On the other hand, and in all honesty, it is not all roses. It can also be hard and demanding. The language barrier is challenging. Sometimes, I get the feeling that it is hard to express myself as much as I wish in English. Listening to lectures and grasping the concepts can also be though. I found it especially hard during exam period, combined with stress, tiredness, and homesickness. As an overthinker, it was difficult to find a way to switch off and take time for myself. I did not have my family around. However, I believe the experience teaches me a lot. Without experiencing this, I would not be able to appreciate the love and support I have at home as much as I do now. I appreciate the great education I get. I learned to cheer myself up, find the motivation, and work hard. I believe it all does count and will help me in the future. I learned to spend more time on my own. I think it also revealed which relationships are worth thriving and who really stands by my side. I realised that we often are stronger than we think.
At the end of the day, it is us who we spend the rest of our life with. I understood how important it is to feel okay on my own. I reflected on advantages and disadvantages it all brings to me and weighed them out. Despite the stress and fear of trying to study abroad, I am glad I did. It is scary to end or begin a thing, but one will never know if they never try. I feel the motivation to continue, because studying at a great university and being passionate about it is something that has a great value for me. What also helps, and I appreciate so much, is the variety of people I meet. If I struggle with English or am homesick, people from many countries can relate. We are all here, trying our best and adapting to this all. If I miss my mother tongue, I can talk to people from the same country thanks to societies. If I miss the homely atmosphere, I try to recreate it and connect with my friends. We do study sessions together, hang out, cook national dishes, or tell each other that we should calm down and not stress that much. We complement each other. We help each other. We do miss similar things, but everybody experiences it differently. Local people and the overall atmosphere can also be helpful. Living in a beautiful and welcoming country and hearing a supportive word or two always helps to carry on.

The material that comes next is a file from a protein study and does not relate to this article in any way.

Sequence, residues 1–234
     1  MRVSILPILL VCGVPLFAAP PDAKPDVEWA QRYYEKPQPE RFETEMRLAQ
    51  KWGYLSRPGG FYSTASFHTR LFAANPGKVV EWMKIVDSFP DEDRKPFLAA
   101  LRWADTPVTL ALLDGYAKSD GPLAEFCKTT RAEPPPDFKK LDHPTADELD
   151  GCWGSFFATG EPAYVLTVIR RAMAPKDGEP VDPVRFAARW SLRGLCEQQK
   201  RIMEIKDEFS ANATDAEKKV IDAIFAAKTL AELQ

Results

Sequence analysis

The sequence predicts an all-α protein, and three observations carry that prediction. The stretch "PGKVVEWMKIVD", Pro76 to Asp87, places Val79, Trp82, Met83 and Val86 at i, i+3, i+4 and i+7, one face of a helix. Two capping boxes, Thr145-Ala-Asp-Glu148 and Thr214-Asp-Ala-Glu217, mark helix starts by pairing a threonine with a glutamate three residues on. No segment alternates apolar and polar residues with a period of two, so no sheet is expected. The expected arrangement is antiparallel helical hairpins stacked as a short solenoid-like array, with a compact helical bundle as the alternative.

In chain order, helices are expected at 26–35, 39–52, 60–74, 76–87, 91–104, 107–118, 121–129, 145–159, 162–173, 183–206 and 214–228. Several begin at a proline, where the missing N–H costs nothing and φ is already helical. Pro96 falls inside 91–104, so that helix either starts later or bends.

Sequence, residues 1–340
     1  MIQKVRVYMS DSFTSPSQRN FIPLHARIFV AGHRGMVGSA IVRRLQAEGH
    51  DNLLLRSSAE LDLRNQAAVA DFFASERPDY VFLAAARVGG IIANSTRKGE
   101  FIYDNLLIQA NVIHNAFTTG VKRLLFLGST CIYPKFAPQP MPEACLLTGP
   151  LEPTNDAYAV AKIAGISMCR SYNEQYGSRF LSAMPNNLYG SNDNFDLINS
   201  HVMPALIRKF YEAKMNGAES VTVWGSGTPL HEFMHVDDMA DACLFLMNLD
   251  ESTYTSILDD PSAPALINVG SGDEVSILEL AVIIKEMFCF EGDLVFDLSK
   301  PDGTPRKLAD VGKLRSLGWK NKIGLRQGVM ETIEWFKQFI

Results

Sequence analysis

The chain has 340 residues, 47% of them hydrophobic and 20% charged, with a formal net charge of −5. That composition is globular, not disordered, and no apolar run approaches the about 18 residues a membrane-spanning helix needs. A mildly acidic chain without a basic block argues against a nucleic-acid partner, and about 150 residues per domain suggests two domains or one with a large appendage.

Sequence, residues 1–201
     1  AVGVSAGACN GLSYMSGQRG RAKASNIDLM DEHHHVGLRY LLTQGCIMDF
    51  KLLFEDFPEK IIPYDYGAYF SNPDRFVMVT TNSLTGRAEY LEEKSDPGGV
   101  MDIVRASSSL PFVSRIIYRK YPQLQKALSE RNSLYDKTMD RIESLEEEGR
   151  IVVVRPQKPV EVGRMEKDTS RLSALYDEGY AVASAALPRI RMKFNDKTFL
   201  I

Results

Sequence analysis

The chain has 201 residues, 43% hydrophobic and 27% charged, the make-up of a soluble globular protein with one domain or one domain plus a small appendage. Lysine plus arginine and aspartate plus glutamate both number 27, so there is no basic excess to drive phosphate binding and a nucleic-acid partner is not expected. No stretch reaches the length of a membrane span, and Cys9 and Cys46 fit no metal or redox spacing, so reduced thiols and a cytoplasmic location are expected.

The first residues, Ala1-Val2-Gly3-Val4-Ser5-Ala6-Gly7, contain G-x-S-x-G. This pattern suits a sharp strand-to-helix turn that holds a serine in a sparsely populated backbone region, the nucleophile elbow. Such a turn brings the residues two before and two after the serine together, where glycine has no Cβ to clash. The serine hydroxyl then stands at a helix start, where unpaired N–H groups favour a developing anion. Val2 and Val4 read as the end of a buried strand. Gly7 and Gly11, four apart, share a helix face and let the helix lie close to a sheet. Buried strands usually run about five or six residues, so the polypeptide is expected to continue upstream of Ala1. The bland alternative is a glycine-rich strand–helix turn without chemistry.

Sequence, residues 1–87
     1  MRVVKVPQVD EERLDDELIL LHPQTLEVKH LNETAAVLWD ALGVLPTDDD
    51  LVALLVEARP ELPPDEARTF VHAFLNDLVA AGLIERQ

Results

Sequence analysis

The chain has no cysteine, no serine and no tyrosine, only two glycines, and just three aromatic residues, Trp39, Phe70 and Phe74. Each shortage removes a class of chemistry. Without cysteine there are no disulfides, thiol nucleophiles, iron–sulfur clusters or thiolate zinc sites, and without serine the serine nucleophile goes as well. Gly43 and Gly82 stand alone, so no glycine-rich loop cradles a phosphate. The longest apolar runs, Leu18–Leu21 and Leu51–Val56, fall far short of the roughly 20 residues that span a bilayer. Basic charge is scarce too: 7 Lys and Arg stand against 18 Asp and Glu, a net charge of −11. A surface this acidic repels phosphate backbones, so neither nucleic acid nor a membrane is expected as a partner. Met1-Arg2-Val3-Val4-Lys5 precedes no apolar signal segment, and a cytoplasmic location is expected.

Now that I am at home for Christmas break, I feel very happy and emotional. I experience things more vividly, trying to remember the little things. I realise how much I missed everyone and everything. I do not take it for granted. I also realised that I started writing my own story in Aberdeen and am excited about what it will bring. I keep telling the stories from this semester to my family and friends. I realise how much I have grown. And I do not take it for granted either. Despite the challenging times we are now living in, I am proud of us for trying, for adapting, for studying and pursuing something we enjoy. I am very proud of you, and I am proud of me.